Alexandre E. Escargueil, Soizic Prado, Ambre Dezaire, Jean Clairambault, Annette K. Larsen and Daniele G. Soares Pages 6625 - 6644 ( 20 )
Despite the efficacy of most cancer therapies, drug resistance remains a major problem in the clinic. The eradication of the entire tumor and the cure of the patient by chemotherapy alone are rare, in particular for advanced disease. From an evolutionary perspective, the selective pressure exerted by chemotherapy leads to the emergence of resistant clones where resistance can be associated with many different functional mechanisms at the single cell level or can involve changes in the tumor micro-environment. In the last decade, tumor genomics has contributed to the improvement of our understanding of tumorigenesis and has led to the identification of numerous cellular targets for the development of novel therapies. However, since tumors are by nature extremely heterogeneous, the drug efficacy and economical sustainability of this approach is now debatable. Importantly, tumor cell heterogeneity depends not only on genetic modifications but also on non-genetic processes involving either stochastic events or epigenetic modifications making genetic biomarkers of uncertain utility. In this review, we wish to highlight how evolutionary biology can impact our understanding of carcinogenesis and resistance to therapies. We will discuss new approaches based on applied ecology and evolution dynamics that can be used to convert the cancer into a chronic disease where the drugs would control tumor growth. Finally, we will discuss the way metabolic dysfunction or phenotypic changes can help developing new delivery systems or phenotypetargeted drugs and how exploring new sources of active compounds can conduct to the development of drugs with original mechanisms of action.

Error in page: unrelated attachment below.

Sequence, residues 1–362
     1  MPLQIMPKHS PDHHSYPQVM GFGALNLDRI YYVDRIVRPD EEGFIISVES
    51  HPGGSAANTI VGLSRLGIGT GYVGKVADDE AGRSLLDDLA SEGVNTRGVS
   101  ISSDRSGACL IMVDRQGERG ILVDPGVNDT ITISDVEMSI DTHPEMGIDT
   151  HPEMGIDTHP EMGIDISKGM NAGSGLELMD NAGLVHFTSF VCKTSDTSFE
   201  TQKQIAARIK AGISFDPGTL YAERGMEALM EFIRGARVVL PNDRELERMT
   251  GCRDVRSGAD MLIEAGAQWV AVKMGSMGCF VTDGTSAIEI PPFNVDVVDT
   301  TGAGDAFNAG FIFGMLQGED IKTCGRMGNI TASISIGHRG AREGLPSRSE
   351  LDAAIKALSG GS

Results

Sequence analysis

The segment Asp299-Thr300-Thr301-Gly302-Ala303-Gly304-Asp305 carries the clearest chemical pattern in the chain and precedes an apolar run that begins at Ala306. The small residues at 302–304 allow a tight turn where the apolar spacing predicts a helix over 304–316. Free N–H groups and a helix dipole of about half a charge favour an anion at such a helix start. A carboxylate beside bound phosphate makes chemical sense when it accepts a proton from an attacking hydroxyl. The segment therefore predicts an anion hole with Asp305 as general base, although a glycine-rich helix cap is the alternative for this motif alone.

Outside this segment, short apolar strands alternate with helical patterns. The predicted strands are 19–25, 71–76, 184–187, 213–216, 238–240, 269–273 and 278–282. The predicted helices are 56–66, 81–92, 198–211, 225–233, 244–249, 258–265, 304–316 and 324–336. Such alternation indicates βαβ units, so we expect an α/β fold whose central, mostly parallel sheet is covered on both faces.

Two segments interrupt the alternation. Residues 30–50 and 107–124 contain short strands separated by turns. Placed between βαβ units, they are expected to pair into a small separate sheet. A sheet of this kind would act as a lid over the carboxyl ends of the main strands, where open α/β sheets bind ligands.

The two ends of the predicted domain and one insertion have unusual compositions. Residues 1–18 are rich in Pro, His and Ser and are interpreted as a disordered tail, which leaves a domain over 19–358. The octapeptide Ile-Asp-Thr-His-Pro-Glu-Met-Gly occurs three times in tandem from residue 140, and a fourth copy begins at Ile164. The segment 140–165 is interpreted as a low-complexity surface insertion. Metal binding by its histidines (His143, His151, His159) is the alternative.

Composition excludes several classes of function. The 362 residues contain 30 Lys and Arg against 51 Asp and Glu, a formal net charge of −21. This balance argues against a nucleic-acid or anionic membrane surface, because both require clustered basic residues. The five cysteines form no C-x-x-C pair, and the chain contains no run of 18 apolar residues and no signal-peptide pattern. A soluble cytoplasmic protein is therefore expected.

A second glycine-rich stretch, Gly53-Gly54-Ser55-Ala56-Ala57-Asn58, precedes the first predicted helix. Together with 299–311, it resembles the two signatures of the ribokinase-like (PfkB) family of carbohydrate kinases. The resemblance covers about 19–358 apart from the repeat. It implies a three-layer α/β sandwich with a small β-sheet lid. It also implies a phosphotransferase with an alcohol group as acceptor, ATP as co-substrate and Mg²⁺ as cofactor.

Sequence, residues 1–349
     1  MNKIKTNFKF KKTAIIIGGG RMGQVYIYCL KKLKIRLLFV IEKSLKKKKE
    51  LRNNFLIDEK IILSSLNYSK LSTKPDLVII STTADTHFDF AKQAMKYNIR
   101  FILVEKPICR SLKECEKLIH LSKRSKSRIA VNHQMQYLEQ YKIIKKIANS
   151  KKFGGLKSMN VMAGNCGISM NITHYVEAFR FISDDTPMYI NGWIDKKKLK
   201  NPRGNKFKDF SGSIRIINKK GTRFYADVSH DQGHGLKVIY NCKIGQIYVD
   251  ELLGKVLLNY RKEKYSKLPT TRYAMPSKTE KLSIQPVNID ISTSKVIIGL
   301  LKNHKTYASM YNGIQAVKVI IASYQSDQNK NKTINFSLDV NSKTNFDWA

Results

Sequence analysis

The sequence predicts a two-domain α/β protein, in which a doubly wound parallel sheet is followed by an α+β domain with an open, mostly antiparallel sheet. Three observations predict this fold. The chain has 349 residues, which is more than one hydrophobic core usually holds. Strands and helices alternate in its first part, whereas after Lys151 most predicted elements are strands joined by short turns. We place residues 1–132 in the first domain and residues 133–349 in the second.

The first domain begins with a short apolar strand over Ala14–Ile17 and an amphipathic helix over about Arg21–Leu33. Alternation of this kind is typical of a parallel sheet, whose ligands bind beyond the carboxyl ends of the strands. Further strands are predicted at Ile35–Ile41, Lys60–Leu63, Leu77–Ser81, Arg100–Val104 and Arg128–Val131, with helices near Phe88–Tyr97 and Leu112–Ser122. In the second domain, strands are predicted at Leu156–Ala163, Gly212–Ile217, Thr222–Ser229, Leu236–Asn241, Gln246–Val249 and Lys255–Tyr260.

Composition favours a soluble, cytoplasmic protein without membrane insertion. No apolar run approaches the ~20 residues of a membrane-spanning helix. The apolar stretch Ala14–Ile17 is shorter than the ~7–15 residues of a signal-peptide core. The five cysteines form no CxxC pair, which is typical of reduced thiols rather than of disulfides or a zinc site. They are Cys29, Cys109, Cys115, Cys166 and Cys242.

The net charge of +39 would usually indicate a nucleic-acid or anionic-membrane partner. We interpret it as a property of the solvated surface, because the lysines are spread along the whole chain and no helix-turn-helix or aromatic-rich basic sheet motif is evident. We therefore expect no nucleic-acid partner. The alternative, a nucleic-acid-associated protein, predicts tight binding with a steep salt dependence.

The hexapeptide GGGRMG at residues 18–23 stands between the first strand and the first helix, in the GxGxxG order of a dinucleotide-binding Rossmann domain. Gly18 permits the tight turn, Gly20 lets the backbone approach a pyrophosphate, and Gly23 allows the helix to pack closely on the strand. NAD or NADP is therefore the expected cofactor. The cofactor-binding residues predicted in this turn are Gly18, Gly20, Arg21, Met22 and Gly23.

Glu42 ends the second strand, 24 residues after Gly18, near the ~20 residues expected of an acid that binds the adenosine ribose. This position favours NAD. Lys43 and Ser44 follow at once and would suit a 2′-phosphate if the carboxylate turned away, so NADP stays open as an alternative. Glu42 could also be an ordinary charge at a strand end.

Cancer heterogeneity, selective pressure, cancer chemotherapeutics, biomarkers, drug resistance, phenotypic drug screening, natural products, economics.
Sorbonne Universites, UPMC Univ Paris 06, INSERM, Laboratory of Cancer Biology and Therapeutics, Centre de Recherche Saint-Antoine (CRSA), UMR_S 938, F-75012 Paris